According to United Nations Environment Programme (UNEP), “the increased construction activities and urbanization will increase waste which will eventually destroy natural resources and wild life habitats over 70% of land surface from now up to 2032. ” Moreover, construction uses around half of natural resources that humans consume. Production and transport of building materials consumes 25 – 50 percent of all energy used (depending on the country considered).By implementing sustainable construction, benefits such as lower cost, environmental protection, sustainability promotion, and expansion of the market may be achieved during the construction phase.
By adopting sustainable construction, contractors would make the construction plan or sustainable site plan to minimize the environmental impact of the project. According to a study took place in Sri Lanka, considerations of sustainability may influence the contractor to choose more sustainable, locally sourced products and materials, and to minimize the amount of waste and water pollution. Another example is from a case study in Singapore,the construction team implemented rainwater recycling and wastewater treatment systems that help achieve a lower environmental impact.
According to SUSTAINABLE CONSTRUCTION: REDUCING THE IMPACT OF CREATING A BUILDING, the contractor in collaboration with the owner, would deliver the project in a sustainable way. More importantly, the contractor would have known this was a key performance indicator for the client from day one, allowing them the opportunity to not tender for the work, should this not appeal to them. Moreover, “It also sends a clear message to the industry, ‘sustainability is important to us’ and this, especially within the government and public sectors can significantly drive change in the way projects are undertaken, as well as up-skilling the industry to meet this growing demand.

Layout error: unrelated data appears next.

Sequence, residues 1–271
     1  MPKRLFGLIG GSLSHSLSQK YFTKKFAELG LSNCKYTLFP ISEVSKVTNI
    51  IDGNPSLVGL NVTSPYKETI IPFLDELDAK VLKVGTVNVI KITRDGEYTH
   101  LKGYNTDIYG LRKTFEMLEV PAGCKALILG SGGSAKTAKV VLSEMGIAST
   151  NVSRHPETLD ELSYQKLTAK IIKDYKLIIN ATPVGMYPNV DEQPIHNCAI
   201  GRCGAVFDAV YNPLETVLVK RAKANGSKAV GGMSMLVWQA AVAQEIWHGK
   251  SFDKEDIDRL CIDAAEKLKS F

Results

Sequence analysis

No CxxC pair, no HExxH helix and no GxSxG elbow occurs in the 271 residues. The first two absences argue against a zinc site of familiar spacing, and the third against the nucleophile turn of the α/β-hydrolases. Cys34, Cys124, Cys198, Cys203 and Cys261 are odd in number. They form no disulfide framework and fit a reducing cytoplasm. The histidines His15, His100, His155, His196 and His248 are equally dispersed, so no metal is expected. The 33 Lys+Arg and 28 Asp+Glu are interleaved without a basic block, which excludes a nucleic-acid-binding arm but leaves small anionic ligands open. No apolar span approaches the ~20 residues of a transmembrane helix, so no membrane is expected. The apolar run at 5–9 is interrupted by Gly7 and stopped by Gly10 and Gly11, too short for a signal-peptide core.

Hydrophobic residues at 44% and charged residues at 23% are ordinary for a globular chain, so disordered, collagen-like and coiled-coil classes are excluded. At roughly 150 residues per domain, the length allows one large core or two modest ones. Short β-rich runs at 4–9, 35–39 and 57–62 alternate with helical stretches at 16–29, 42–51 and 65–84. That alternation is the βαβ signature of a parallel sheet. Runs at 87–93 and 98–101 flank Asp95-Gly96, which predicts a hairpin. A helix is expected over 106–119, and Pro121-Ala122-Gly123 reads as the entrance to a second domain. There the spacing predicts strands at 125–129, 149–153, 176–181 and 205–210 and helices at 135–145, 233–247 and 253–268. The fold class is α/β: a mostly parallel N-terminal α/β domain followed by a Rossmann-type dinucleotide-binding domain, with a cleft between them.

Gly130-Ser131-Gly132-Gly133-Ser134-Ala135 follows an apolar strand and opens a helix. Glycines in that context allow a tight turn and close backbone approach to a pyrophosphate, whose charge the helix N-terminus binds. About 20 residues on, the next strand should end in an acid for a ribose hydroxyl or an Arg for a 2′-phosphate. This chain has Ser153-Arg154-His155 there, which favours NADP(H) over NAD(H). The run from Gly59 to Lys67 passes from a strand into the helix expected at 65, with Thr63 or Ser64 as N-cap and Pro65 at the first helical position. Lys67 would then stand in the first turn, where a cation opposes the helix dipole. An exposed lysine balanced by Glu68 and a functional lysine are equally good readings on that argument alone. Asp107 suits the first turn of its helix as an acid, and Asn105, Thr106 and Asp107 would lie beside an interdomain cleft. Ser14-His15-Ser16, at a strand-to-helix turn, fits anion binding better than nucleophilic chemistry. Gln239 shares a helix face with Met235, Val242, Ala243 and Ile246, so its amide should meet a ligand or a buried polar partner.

By promoting sustainable methods and products in daily work, the good result directly shows the public the positive effect of sustainable construction. Consequently, there would be potential to expand the market of sustainable concepts or products. According to a report published by USGBC, “The global green building market grew in 2013 to $260 billion, including an estimated 20 percent of all new U.S. commercial real estate construction.”
Currently, sustainable construction has become mainstream in the construction industry. The increasing drive to adopt a better way of construction, the more strict the industrial standard and the improvement of technologies have driven the cost of applying the concept, according to Business Case For Green Building Report, the cost of sustainable construction nowadays might even be 0.4% lower than normal one.
The growth of HVAC system
Heating, ventilation, and air conditioning (HVAC) is the technology of indoor and vehicular environmental comfort. Its goal is to provide thermal comfort and acceptable indoor air quality. HVAC system design is a subdiscipline of mechanical engineering, based on the principles of thermodynamics, fluid mechanics and heat transfer. “Refrigeration” is sometimes added to the field’s abbreviation, as HVAC&R or HVACR or “ventilation” is dropped, as in HACR (as in the designation of HACR-rated circuit breakers).
HVAC (Heating, Ventilation and Air Conditioning) equipment needs a control system to regulate the operation of a heating and/or air conditioning system. Usually a sensing device is used to compare the actual state (e.g. temperature) with a target state. Then the control system draws a conclusion what action has to be taken (e.g. start the blower).Short for heating, ventilation, and air conditioning. The system is used to provide heating and cooling services to buildings. HVAC systems have become the required industry standard for construction of new buildings. Before the creation of this system, the three elements were usually split between three or more devices.